CHLOE CLARK

 
 

Geologic Maps of Places I Belong To

 

The director of the exhibit

tells us

 

don’t think

about what we’re seeing

 

don’t see it as forests or mountains

or rivers or vast deserts filled

with nothing but sand

 

teach yourself to stop

 

seeing what you know is supposed

to be in front of you

 

try to find the patterns

the way the shape

of an ocean is like a tiger’s

mouth opening up

 

to swallow you whole

or how a hill can be the belly

of your mother

when she held you still inside

 

I want to try

to do

what she tells me

 

I try to look and see

what isn’t really there

 

Try to erase the trees

erase the edges of land

erase the lake I swallowed

too much water in and so

was almost erased myself

 

Try to let my eyes lose focus

see around these edges

 

I find that these two

spots of deep and dark

are your eyes

like pools

 

I am willing to fall

into and swallow

too much o

 

You’d Be Home Now
 

 

They’re putting a mobile network on the moon

and I joke “I want to sext it”

but it’s not such a joke really

how I would like to seduce

the infinite, use my tongue

to collapse galaxies in on themselves

over and over, let the stars find new

ways to make my body ache

in such relief

There has always been something

between lost

and saved about the way I feel

thinking about space

I wanted to tell you that once

but didn’t know how to explain

There is a rush

in distance

in the long pull between

bodies who have found

one another but haven’t yet

touched

The ecliptic orbit

of planets, the spin

away from and towards

is a slow building

catastrophe to a crashing

release

There has always been something

between distance

and belonging about the way I feel

thinking about space

and I wonder if you’ve ever

felt that too

There is a danger in this,

the inevitability of destruction

but I would let my body be

undone by the weight

of galaxies, the way

that space would unfold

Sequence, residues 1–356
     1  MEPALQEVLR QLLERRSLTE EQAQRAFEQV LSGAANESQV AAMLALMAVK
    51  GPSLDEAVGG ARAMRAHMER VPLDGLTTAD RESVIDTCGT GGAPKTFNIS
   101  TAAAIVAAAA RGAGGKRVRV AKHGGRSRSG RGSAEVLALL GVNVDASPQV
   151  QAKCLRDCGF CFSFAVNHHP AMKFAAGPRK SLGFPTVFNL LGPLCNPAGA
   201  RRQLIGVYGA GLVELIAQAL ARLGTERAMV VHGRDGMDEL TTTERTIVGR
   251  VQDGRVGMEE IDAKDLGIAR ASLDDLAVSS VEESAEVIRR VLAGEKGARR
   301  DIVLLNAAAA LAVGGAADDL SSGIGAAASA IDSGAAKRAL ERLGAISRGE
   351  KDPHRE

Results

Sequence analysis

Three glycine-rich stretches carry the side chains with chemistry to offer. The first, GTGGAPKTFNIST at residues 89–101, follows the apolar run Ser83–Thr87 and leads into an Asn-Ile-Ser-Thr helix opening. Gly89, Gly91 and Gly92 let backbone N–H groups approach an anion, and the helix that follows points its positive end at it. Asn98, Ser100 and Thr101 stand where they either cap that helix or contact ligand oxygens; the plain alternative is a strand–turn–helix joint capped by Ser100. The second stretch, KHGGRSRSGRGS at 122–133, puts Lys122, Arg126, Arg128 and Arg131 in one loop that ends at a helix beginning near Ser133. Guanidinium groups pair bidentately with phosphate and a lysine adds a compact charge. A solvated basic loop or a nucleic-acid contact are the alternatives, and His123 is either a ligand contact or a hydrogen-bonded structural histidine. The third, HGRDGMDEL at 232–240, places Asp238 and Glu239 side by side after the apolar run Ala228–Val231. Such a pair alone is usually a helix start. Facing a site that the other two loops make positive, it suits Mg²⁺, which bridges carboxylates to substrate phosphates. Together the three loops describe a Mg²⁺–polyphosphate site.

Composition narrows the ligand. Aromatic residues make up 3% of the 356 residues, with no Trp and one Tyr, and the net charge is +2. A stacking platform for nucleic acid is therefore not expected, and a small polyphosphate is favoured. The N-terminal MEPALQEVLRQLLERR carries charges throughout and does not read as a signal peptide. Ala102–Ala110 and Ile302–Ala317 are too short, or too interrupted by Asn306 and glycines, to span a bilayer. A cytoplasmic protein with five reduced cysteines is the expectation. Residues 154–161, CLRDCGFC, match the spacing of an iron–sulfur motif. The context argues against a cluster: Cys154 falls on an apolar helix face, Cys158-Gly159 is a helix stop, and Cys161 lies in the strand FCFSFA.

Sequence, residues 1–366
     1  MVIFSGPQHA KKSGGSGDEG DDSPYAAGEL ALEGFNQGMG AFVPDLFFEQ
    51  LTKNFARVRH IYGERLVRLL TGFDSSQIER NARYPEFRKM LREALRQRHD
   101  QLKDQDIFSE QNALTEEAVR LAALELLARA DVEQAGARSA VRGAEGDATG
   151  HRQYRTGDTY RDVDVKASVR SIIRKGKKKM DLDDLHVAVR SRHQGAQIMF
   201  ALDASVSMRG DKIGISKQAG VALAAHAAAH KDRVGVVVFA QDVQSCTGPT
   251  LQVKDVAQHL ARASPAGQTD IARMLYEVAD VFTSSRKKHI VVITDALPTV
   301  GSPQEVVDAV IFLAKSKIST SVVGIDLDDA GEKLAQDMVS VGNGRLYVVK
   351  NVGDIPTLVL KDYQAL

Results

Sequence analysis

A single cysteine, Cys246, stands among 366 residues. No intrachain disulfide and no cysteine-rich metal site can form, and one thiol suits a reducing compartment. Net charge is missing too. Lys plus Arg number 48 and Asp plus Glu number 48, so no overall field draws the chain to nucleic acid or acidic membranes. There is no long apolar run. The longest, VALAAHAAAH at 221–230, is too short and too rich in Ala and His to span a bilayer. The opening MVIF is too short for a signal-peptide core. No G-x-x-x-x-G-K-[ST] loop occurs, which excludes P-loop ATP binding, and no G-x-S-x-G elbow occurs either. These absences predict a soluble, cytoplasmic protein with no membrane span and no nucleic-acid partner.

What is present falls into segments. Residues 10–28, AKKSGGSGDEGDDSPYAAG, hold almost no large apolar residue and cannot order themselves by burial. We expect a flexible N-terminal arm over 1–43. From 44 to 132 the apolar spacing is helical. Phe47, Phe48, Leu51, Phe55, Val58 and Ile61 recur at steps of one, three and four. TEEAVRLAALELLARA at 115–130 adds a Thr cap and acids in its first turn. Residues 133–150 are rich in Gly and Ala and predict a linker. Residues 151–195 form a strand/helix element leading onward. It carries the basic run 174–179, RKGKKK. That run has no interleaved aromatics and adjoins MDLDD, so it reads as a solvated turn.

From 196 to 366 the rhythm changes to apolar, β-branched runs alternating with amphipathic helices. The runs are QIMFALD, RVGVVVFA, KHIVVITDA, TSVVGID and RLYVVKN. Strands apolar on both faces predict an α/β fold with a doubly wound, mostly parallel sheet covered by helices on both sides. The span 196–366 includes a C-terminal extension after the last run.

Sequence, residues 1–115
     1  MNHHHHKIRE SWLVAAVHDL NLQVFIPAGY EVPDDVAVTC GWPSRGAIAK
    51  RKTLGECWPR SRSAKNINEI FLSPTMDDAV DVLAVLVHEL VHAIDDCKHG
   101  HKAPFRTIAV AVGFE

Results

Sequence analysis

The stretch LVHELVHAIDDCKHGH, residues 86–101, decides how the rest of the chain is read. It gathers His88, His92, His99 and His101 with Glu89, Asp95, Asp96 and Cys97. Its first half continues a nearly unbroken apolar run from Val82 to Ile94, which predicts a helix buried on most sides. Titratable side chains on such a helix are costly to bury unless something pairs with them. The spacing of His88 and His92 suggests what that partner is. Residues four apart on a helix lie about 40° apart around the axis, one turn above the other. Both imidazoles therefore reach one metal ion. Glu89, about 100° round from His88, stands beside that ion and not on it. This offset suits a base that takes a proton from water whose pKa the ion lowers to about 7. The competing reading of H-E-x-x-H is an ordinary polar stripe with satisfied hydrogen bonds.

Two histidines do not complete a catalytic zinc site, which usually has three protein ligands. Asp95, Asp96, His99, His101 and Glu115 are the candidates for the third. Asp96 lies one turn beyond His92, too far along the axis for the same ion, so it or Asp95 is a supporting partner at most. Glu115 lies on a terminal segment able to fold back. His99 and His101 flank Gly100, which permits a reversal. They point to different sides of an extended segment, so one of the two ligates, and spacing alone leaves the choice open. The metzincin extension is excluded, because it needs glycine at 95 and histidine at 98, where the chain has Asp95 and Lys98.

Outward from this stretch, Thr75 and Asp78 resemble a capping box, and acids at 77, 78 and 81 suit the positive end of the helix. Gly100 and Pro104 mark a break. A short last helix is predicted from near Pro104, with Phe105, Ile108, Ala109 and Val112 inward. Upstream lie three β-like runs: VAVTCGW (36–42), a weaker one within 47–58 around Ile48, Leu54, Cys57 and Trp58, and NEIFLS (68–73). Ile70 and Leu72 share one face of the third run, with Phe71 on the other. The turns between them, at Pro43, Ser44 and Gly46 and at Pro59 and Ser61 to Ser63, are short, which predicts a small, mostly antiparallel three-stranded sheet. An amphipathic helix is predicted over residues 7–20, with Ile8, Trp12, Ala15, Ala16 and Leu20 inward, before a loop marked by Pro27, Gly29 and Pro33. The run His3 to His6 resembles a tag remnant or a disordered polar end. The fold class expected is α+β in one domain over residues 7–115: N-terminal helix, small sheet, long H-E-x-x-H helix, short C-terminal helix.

around me, I would

say the names of a thousand

stars, finding

every point of pleasure

on this celestial map

until we got lost into

one another

There has always been something

between finding

and wanting about the way I feel

thinking about space

the closest I get to knowing

what it might be

is when I think

about you

 

Questions for Science


How many miles do you have to walk to burn off those Oreos? No, like the Double Stuf ones with so much filling that it sticks to the roof of your mouth? So, you’re drinking milk too. It’s whole milk. Does that matter?

 

Who invented the concept of time? Should we take this question to a philosopher? Or is the science     the one with dominion here? Why do we measure time instead of embrace it? Why

is time so different in dreams? Why is it so different when we can’t remember something?

Why can’t we remember the childhoods of people we love?

 

        What is the sound of one hand clapping? Jk jk. Why can we trick muscles? Why

        can we make our arms float after they’ve ached? Why can we teach phantom limbs

        to forget to haunt us?

        

            Where is the best place to go if you want to see the most kinds of frogs? What if     

            you just want to hear them singing? Hear that chorus of chirps and whirs and

            berrups? Has anyone ever set an opera to the sound of spring peepers?

        

                When should we begin to prepare ourselves for the apocalypse? Are

                there ways to survive it? Or should we be asking: would we want to

                survive it? We never ask the right questions do we?

                    

                    Why do you think we need to know so much? Are we drowning

                    ourselves in answers? Or do we not ask enough? Is this

                    something we should question about ourselves?

                    

                        Why or why not?

 


 

 
 

Chloe N. Clark's poems and fiction appear in Booth, Glass, Hobart, Little Fiction, Uncanny, and more. She is co-EIC of Cotton Xenomorph, writes for Nerds of a Feather, and teaches at Iowa State University. Her debut chapbook, The Science of Unvanishing Objects, is out from Finishing Line Press and she can be found on Twitter @PintsNCupcakes